At 6ft 4in, when Liam Neeson walks into a hotel room you notice him.
For all the Ballymena twinkle in his blue eyes and the soft rumbling brogue he has never lost in spite of his years living in New York, he is still a formidable presence, a man you would think twice about crossing.
No wonder he was so convincing as the desperate dad tracking down the Albanian human traffickers who abducted his daughter in his latest film, Taken 2.
He was like an emotionally-driven CIA-trained Exocet, compensating for years of absence as a parent by racing to her rescue, making good on his promise to kill her kidnappers.
“He’s a dad, he’s not a superhero,” he says of Bryan Mills.
“He’s led a very strange, covert, secretive life and has missed out on his child’s upbringing. He’s desperately trying to make up for that time, and failing.
“The way most fathers feel, I think.”
For most dads it is the office rather than special ops that might have lead them to miss their children’s milestones.
As a father of two sons with his late wife Natasha Richardson, Liam says he could empathise with Bryan’s actions.
“You know these stories. If a mother’s child is in danger, she can literally lift a car if the child is pinned. I totally believe that.
“You’d do anything for your kids, though I draw the line at shooting people.”
The first Taken reinvented Neeson – then is his mid-50s and best known for more sombre, character-driven dramas such as Schindler’s List and Michael Collins, or playing God-like creatures such as the voice of Aslan in the Narnia chronicles and the Kraken-siccing Zeus in Clash of the Titans – as an action hero.
The former amateur boxer said he relished the chance to “do all this physical stuff”.
“I have a theory with the first Taken – the world was turned upside down financially, we had a crisis. Our elected leaders, the so-called pillars of society, bankers and managers were shafting us, and everybody felt vulnerable and scared and nervous.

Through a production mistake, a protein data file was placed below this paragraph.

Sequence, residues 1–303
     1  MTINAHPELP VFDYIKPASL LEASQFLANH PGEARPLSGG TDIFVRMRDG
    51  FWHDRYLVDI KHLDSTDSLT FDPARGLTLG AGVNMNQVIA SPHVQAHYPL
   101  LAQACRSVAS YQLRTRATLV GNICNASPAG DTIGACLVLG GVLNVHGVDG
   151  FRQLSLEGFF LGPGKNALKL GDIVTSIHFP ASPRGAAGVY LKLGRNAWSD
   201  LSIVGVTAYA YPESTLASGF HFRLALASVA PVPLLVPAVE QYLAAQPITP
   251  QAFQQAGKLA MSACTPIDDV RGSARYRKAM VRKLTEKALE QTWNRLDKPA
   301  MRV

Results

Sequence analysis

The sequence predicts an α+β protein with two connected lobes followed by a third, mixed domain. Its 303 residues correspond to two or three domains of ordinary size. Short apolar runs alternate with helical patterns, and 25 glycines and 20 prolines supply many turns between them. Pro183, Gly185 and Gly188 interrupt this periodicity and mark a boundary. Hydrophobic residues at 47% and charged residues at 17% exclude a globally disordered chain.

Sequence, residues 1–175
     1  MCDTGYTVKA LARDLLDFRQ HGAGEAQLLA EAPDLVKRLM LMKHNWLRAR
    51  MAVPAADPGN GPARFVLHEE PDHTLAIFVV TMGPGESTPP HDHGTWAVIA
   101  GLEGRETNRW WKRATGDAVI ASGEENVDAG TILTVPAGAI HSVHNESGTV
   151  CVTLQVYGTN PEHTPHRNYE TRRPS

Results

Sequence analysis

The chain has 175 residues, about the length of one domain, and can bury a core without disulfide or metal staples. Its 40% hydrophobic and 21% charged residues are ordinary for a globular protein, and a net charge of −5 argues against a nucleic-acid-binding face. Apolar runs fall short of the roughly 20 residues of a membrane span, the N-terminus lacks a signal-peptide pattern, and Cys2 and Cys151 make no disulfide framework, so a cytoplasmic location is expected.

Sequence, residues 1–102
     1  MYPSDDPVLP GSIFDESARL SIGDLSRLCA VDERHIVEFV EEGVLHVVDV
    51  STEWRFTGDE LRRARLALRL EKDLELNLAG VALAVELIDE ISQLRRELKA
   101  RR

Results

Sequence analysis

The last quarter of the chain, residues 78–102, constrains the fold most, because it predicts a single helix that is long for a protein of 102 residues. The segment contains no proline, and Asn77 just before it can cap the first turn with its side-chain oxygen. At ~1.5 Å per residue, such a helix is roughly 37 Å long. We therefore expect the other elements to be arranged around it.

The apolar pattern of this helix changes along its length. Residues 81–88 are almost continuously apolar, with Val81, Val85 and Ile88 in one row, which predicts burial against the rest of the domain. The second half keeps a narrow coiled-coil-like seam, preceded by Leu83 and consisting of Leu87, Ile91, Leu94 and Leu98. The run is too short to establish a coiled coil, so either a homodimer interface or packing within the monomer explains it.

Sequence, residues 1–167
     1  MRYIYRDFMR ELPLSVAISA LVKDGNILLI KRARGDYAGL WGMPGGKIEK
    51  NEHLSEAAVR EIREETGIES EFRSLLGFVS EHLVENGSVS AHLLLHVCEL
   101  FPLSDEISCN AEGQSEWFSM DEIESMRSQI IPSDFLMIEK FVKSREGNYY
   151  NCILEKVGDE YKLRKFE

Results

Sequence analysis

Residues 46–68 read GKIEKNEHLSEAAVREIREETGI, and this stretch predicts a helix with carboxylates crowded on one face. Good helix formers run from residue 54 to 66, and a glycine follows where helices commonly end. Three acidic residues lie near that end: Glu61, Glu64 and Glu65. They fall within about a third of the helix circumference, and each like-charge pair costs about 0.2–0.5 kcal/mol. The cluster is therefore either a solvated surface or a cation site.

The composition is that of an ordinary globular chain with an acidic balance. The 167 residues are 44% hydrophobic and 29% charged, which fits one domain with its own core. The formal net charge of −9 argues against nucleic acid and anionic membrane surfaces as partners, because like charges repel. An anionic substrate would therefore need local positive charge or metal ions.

“When you feel that, you seek entertainment. Expendables didn’t come out then, but Taken, and I’m sure there were a couple of others, with someone who’s not going to call a figure of authority if he’s in trouble, he’s going to do something about it himself – I think it gave people a real guilty pleasure ‘Yes, I wish I could do that!’.”
It is lucky then that Fred the Shred from RBS didn’t encounter an impassioned Liam as the star has probably picked up a few nifty tricks from his expert advisors.
“There’s a guy who’s my mentor, he trained me in a fight a few years ago in weapons, and he is a special operatives soldier, actively going into Afghanistan at various times, going into Uzbekistan.
“I don’t see him for a couple of weeks, then he’ll call me “Hi, fancy a drink?” and he’s bandaged here, or he’s bandaged there, but he can’t talk about what he’s done, other than give you broad, broad outlines.
“If he walked down the street you wouldn’t pick him out in a crowd. But the stuff he gets up to, breathtaking.”
Liam celebrated his 60th birthday this year. However, there were few allowances for age in the running battles of Taken 2.
“I keep pretty fit as a rule,” says Liam.
“There were a few more push-ups and sit-ups in the morning and a considerable amount of fight choreography. Every day after we wrapped filming we’d go back to the hotel and work on our fights.”
He admits he was feeling every bit of his eligibility for a free bus pass after some gruelling smackdowns with his co-stars.
But, like a good method actor, he was able to use that to add realism to his portrayal.
“It starts to hurt. The knees creak a bit more. By the end of the film we can use that to show two people getting tired.
“It’s not superhero stuff, it’s ugly.”
He was tempted to do the first Taken because it was written by Luc Besson, a filmmaker he admired, and it was being shot in Paris. The sequel was set in the narrow streets and alleys of Istanbul, which added an unexpected frisson of danger to the film making.
“A lot of the streets we shot in were thousands of years old and as wide as this room, with shops on either side and merchants selling their wares.
“You’re doing a car chase at 50, 60mph, with people going ‘No, no, no. I’m not closing my shop. You do your movie, I sell my wares’, crossing the road all the time.
“Nobody was hurt but it added an exoticism. The extras weren’t from central casting, they were real people.”
Taken 2 gave him a chance to make another of his portentous phone calls, outlining the situation and what he is going to do about it while simultaneously warning his enemies that very bad things are about to happen to them.
They are they type of lines that can follow an actor round. “My sons’ friends say ‘could you leave a message on my iPhone’ that’s happened a few times,” he admits.
“But in the street it’s usually “Hey! Release the Kraken!”